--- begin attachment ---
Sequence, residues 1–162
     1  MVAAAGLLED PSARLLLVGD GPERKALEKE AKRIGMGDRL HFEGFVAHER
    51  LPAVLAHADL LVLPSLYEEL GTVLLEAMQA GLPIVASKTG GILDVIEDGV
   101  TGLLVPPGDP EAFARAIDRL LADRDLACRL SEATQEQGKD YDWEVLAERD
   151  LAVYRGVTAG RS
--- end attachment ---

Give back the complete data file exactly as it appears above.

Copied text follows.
Sequence, residues 1–162
     1  MVAAAGLLED PSARLLLVGD GPERKALEKE AKRIGMGDRL HFEGFVAHER
    51  LPAVLAHADL LVLPSLYEEL GTVLLEAMQA GLPIVASKTG GILDVIEDGV
   101  TGLLVPPGDP EAFARAIDRL LADRDLACRL SEATQEQGKD YDWEVLAERD
   151  LAVYRGVTAG RS